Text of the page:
Voices of Race, a portrait series by Kathleen Dreier, is dedicated to amplifying the voices of our BIPOC communities and being a call of action for all people particularly white communities to be social change agents. Each participant is encouraged to share whatever they like regarding diversity, inclusion, racism, culture, privilege, etc. No one is censored. My intention and wish is that the viewer reflect upon the words of the person in the portrait and is inspired to engage in their own courageous conversations with their friends and family. It is time we each take the time to reflect on our individual and collective histories, heal from the damage done, and create the foundation for equity and compassion for every human being.
Note: Over the course of 2020 and 2021, my three photo series (Covid-19 and Tucson Front Line Workers, Tucson Black Voices and What White People Think) evolved into the current series Voices of Race. In time, I will have a dedicated Voices of Race page on my web site. In the meantime, I am sharing some of the posts here in my blog. You can view more on my Voices of Race Facebook page.
Hot Coals by Lou Davis, Tucson Arizona
I recently watched a video of a black police oﬃcer being the brunt of a “joke.” The footage was from a police station in Ohio. It started with the chief of police, a white oﬃcer, placing a yellow raincoat on a desk. “POLICE,” was printed in bold letters across the back.
The chief walked up to a printer, removed a piece of paper, went back to the desk, and taped it across the word, “POLICE.”
The camera zoomed in. The paper read, “KU KLUX KLAN.” The black oﬃcer walked in, saw the paper and laughed.
I know that laugh.
I’ve laughed that laugh.
Although I am a black man, I can not possibly tell you how that black oﬃcer felt. I am not him.
However, I worked for the government for 37 years and have been in similar situations. I can tell you how I felt.
While with Customs and Border Protection, (CBP), I was on a work trip in Montana with my supervisor. We’d just finished a long days work and a two hour drive to our hotel. As we checked in, the person behind the desk asked me if I wanted a room near my boss. I was about to answer when my boss said, “He’ll take what you give him.”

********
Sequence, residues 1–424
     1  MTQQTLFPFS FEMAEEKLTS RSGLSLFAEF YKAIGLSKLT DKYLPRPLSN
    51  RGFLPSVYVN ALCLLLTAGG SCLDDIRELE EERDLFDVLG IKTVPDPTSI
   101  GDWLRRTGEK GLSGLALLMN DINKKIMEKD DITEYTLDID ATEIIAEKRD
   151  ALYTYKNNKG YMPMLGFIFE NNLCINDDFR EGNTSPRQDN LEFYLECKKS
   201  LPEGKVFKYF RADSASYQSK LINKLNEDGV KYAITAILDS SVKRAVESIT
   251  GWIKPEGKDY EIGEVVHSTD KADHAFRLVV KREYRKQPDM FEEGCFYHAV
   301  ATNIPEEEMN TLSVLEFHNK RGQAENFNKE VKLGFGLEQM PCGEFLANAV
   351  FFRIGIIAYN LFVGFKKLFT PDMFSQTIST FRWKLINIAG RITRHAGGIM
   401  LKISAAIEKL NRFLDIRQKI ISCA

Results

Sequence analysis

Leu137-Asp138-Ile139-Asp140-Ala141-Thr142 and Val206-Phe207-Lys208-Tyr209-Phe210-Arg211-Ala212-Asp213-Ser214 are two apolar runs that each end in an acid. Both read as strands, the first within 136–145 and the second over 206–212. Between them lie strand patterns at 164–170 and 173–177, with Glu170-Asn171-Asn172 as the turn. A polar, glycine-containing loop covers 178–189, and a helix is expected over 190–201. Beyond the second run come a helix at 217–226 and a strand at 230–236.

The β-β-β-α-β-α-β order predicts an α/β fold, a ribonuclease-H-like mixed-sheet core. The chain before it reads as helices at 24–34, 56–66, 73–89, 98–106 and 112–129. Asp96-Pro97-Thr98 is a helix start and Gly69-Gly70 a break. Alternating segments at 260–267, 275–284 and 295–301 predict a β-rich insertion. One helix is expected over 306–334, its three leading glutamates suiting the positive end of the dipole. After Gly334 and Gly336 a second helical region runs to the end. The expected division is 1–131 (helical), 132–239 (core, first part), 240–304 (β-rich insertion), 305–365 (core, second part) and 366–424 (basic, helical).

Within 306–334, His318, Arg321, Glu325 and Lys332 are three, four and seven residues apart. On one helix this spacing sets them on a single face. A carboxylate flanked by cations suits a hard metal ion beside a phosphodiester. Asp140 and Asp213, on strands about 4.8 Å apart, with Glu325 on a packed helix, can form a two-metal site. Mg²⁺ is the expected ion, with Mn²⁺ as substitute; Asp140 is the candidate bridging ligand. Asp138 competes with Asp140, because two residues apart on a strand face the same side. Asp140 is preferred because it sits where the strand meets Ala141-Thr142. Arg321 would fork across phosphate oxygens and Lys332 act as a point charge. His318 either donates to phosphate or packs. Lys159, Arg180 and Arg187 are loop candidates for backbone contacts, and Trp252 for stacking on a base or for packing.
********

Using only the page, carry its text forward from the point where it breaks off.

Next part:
She looked up at him and he said, “Don’t worry; I own him.” I stood there in shock. I said nothing.
It felt like hot coals were in my mouth.
While with CBP, I was on a work trip in Arizona with a diﬀerent supervisor.
I carried most of the heavy equipment. Our contact oﬀered to help.
My boss said, “He’s got it. He’s my man Friday.” I stood there in shock. I said nothing.
I swallowed hot coals.
While in the Air Force, I was at the NCO club at a base in Florida. The DJ was playing dance music. One of my “friends” handed me a folded napkin and asked me to give it to the DJ. I did.
The DJ read the note then looked at me wide eyed. When I got back to the table, my ”friend” was laughing his ass oﬀ. I asked what the note said. “Stop playing ni**** music.”
I stood there in shock. I said nothing.
Hot coals found their way down my throat.
Each of these times and countless times before and after, I either said nothing or laughed along.
I didn’t want to be a complainer.
I didn’t want to lose my friends.
I didn’t want to lose my job.
So I sacrificed my integrity and did nothing. In doing so I swallowed the pain and let the perpetrators continue their’ reprehensible behavior. I not only made it worse for myself, I made it worse for those who followed.
My younger sister visited me in Florida. One of my friends told the NCO club story. Everybody laughed… everybody but my sister… and me. I felt my little sister’s eyes on me.
I couldn’t look at her.
Hot coals settled in my stomach.
The video of the raincoat is out there.
Does the black oﬃcer have a little sister?
Are hot coals burning in his stomach?